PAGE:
Thatcher's grandchildren love the free market. We simply adore the concept of a small state. Cut spending, cut taxes: Osborne should stick to Plan A. If he'd done Plan A properly we'd be doing much better. In the things we do think the state should provide (healthcare, education), we favour bringing in the market and the power of competition. Michael Gove; my hero.

Deeply skeptical about unions (they represent a niche interest, not the public good), many of us think Boris has the right idea. Actually, Thatcher's grandchildren love pretty much everything Boris says/does.

Like most Tories, we tend not to like Europe either (except for holidays and Camembert). The EU represents another layer of government, and Thatchers grandchildren share her horror of THAT.

However, Thatcher's grandchildren do part company from the great Lady somewhat. Perhaps it was inherent to her, or perhaps it was just the time she was in. But social conservatism? No. This next generation of Conservatives don't go in for that. We are liberal conservatives. All those things that get the oldies into a bit of a tizz (equal marriage?) are perfectly acceptable to us. Non-issues. 'Why-didn't-we-do-it-years-ago' issues. I believe in a small state, and that includes the state keeping out of people's private lives.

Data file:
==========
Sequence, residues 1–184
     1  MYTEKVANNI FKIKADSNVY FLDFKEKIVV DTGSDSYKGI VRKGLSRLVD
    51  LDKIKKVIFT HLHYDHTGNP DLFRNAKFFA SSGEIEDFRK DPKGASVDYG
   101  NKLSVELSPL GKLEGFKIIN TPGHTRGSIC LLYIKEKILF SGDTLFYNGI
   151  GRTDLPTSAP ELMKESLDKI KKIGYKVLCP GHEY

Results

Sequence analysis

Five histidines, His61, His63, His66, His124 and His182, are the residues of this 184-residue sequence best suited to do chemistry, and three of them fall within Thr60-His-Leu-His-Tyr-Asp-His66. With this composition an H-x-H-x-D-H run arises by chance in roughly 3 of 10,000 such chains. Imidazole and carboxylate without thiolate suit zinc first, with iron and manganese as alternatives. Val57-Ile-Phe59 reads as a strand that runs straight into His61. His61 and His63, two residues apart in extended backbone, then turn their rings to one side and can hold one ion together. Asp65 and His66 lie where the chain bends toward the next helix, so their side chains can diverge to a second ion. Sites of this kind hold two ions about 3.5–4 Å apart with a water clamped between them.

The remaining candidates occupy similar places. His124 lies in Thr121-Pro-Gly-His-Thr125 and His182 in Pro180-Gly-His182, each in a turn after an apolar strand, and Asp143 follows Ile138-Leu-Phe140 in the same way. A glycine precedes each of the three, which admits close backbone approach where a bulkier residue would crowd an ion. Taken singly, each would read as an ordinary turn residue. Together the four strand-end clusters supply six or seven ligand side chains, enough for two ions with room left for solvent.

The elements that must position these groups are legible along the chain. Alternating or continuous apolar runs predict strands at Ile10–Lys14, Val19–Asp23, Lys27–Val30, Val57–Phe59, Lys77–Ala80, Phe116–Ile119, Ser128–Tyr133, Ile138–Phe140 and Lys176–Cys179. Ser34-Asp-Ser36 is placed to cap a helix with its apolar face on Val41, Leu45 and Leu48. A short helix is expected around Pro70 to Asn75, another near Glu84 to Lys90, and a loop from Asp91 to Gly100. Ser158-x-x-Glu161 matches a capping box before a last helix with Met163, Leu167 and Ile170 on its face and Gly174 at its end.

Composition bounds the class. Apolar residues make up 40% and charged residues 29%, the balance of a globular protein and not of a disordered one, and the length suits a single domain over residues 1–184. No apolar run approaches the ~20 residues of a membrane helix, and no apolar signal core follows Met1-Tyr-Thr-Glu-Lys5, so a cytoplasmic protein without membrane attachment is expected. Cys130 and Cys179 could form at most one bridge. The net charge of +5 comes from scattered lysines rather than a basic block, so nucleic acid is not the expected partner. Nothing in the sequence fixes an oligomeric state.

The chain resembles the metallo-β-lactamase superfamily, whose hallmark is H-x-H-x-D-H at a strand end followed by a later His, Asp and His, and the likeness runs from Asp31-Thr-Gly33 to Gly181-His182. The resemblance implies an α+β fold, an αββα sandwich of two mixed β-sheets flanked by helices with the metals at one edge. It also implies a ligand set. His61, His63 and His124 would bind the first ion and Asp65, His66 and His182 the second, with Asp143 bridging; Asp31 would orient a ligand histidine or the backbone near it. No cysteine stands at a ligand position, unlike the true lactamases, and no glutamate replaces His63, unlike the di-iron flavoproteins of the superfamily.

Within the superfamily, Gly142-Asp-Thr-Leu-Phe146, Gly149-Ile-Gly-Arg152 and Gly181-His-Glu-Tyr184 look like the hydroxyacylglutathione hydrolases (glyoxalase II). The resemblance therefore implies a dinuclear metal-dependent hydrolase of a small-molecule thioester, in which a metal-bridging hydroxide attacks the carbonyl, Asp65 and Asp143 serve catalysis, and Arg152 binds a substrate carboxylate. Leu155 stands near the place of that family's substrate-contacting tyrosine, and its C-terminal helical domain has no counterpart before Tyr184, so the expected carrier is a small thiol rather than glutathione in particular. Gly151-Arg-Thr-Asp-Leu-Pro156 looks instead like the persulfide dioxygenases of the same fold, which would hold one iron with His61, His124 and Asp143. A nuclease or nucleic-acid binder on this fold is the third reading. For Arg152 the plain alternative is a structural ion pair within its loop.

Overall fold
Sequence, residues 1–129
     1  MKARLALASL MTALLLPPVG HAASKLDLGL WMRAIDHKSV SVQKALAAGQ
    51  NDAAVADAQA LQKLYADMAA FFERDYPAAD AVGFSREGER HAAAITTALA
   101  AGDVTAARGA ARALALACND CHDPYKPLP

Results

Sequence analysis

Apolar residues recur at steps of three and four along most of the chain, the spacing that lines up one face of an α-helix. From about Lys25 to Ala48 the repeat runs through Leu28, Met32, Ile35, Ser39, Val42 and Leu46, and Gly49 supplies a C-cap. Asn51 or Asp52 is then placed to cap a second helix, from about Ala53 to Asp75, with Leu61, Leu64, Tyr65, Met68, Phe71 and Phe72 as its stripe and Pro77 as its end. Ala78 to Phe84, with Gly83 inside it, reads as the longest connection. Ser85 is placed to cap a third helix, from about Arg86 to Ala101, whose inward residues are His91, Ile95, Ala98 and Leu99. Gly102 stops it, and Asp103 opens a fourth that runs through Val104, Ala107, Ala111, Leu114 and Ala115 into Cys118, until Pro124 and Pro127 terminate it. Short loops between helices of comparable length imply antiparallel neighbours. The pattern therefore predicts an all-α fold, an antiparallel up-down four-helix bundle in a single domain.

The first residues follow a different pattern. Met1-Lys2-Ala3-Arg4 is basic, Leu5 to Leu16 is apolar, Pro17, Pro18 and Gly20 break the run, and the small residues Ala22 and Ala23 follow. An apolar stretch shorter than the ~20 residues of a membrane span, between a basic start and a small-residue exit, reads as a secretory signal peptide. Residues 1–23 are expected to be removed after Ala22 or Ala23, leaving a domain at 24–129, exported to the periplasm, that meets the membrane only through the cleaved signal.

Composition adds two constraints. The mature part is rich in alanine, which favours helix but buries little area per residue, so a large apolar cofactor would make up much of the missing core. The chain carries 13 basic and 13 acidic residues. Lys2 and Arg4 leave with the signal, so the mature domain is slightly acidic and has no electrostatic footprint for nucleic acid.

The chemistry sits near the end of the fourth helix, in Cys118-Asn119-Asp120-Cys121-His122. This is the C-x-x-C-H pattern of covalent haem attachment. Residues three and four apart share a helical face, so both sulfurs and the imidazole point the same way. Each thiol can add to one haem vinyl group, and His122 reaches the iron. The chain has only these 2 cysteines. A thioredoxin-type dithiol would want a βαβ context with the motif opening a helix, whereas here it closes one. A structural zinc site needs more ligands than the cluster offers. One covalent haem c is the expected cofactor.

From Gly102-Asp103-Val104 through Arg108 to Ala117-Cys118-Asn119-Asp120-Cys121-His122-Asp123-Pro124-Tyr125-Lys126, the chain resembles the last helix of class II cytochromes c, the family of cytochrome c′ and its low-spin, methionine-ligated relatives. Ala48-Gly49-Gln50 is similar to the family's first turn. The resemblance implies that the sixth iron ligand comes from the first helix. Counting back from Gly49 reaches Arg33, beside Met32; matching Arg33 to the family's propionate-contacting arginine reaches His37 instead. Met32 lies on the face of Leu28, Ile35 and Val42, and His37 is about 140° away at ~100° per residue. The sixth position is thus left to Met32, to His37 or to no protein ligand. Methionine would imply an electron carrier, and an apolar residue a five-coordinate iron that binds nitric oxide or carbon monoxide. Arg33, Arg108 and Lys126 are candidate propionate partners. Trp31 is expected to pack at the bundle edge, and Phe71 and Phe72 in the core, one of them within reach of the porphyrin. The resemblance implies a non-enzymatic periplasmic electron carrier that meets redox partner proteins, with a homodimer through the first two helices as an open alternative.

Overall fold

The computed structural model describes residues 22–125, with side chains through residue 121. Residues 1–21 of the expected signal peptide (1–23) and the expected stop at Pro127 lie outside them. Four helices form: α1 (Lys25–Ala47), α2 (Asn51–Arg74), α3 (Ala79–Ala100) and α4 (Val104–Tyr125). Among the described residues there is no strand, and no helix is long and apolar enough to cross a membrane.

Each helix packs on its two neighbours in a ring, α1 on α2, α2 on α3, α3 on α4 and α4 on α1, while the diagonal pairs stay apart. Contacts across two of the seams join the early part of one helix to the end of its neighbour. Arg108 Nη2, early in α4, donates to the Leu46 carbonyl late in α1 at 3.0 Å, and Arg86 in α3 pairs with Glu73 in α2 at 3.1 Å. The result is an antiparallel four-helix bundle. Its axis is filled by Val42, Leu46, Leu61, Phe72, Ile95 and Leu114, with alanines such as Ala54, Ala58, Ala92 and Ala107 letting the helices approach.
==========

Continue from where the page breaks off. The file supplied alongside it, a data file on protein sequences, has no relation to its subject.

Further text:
We are strong patriots and supporters of the armed forces, but since we missed the Cold War ordeal, we're a bit more relaxed about all of that.

I was born in 1989. I cannot claim to remember a female Prime Minister. So for us, for me, what is Thatcher's legacy?

In real terms: privatised industry, The City, weakened unions. Britain on the world stage, not a broken post-colonial failure. I'm sure you've read lots of these articles on economy, international relations, etc etc in this last week. These are important, of course they are. But let's be honest: it is all I've ever known. For me, that stuff is all really cool, but it didn't bring me in to politics.

The ideas are so much more powerful. The ideas are inspiring.

The idea that you can work hard and get on. That if you are determined, you can overcome. That you are responsible for your destiny. 

Of course, anyone can say those things set on their own. But Mrs Thatcher brought them down to earth. She demonstrated what determination can achieve in her own battles. She set aspiration in the context of limited state, lower taxes and an (unfinished) attempt to break dependency culture.

On Wednesday I will be going to pay my respects to Mrs Thatcher, but let it be known: her legacy lives not just in that lot in government now, but in the next generation of Conservatives too.